Non medical prescribing in Scotland: implementation guide

Implementation guidance for nurse independent prescribers and for community practitioner nurse prescribers in Scotland.

Patient records

Access and updating

91. All health professionals are required to keep accurate, legible, unambiguous and contemporaneous records of a patient's care. There is no single model or template for a patient record. For guidance, nursing staff should refer to the standards published by the NMC. 30

92. A good record is one that provides in a timely manner all professionals involved in a patient's treatment, with the information necessary for them to care safely and effectively for that patient. It is a necessary way of promoting communication within the healthcare team and between practitioners and their patients/clients. Good record keeping is, therefore, both the product of effective team working and a prerequisite for promoting safe and effective care for patients.

93. All nurses are required to keep accurate, comprehensive, contemporaneous records which are accessible by all members of a prescribing team (effective policies must be in place locally to enable this to happen). The principles underlying record keeping, for nurses are detailed in national guidelines for records and record keeping ( NMC 2004). 31 Specifically in relation to prescribing, nurses should refer to NMC (2006), 32 Practice Standard 7.

94. In supplementary prescribing, the doctor/dentist and supplementary prescribers must share access to, consult and, wherever possible, use the same common patient/client record (see paras 29 - 31).

95. Best practice suggests that the details of any prescription, together with other details of the consultation with the patient, should be entered into the shared patient record immediately, or as soon as possible after the consultation. Only in very exceptional circumstances (e.g. the intervention of a weekend or public holiday) should this period exceed 48 hours from the time of writing the prescription. This information should also be entered at the same time onto the patient record and onto the nursing patient record (where a separate nursing record exists). Where nurse independent prescribers are working in paperless offices and clinics, and there are no paper records, the electronic data must be entered to comply with the aforementioned good practice. In hospital settings, details of every prescription may not be entered separately in hospital medical records but an individual prescription chart is eventually filed in the patient's notes.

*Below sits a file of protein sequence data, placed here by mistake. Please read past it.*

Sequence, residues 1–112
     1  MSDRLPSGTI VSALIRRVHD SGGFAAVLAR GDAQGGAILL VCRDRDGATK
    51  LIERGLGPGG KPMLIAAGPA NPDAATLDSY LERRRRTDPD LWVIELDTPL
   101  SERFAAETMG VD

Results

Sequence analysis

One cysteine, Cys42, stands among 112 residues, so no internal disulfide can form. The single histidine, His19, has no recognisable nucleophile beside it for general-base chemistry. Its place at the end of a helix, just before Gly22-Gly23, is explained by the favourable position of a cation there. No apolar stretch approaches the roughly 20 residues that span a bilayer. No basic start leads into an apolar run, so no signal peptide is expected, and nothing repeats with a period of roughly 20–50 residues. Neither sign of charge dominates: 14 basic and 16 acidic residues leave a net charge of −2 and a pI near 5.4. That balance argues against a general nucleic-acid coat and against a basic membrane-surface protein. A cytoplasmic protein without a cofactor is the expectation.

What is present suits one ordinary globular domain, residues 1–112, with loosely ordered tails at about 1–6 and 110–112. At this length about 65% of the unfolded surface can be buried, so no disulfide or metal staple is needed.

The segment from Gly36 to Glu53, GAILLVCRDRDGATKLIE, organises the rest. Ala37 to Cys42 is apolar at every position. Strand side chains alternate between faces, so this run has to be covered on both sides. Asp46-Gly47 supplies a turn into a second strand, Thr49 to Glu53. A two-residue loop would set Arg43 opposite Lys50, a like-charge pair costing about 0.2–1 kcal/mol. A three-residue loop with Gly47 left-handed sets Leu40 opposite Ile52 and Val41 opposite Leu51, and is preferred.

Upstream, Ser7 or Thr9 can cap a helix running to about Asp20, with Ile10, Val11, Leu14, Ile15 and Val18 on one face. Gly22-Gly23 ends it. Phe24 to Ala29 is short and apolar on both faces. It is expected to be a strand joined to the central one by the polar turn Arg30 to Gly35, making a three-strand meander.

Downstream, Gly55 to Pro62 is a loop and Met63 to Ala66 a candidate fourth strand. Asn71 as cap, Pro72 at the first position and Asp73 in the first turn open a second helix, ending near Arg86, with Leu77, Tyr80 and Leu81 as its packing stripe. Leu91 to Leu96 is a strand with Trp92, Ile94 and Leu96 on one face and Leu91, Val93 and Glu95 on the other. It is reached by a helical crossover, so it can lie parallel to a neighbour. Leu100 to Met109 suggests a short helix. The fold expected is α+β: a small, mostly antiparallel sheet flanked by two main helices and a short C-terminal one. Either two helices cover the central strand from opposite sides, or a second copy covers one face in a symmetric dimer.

96. Where practicable, in both hospital and community settings, electronic records should be used, and prescriptions should be generated via these systems. Nurse independent prescribers may prescribe via computer-generated prescriptions provided the necessary software is available. A visible audit trail of prescribing actions must be maintained however and an existing prescriber's details must never be tampered with. Prescriptions should always be signed immediately, and prescriptions must never be written or printed off and signed in advance, and then stored for future use. See NMC (2006) 33 Practice Standard 12.

97. Appendix 5 gives guidance on prescription form completion. It is recommended that any prescription record indicates clearly:

  • The date of the prescription
  • The name of the prescriber (together with the fact that they are acting as a nurse independent prescriber)
  • The name of the item prescribed, together with the quantity (or dose, frequency and treatment duration).

98. To aid the safe administration of medicinal preparations the record should include: the name of the item prescribed, the strength (if any) of the preparation, the dosing schedule and route of administration, e.g. 'paracetamol oral suspension 120mg/5mls to be taken every four hours by mouth as required for pain, maximum of 20mls in any 24 hours'.

99. In the case of topical medicines the name of the prescribed item, the strength (if any), the quantity to be applied and the frequency of the application should be indicated. For dressings and appliances, details of how they are to be applied and how frequently changed, are useful. It is recommended that any advice given on General Sale List ( GSL), (also known as 'over the counter') items be recorded.

Clinical Management Plans

100. As referred to in paragraph 31, clinical management plans may still be used by nurse independent prescribers as the most appropriate mechanism for prescribing. The NMC (2006) Practice Standard 8 should be followed in such situations, and the latest guidance issued by the Scottish Executive on 'Supplementary Prescribing for Nurses'.

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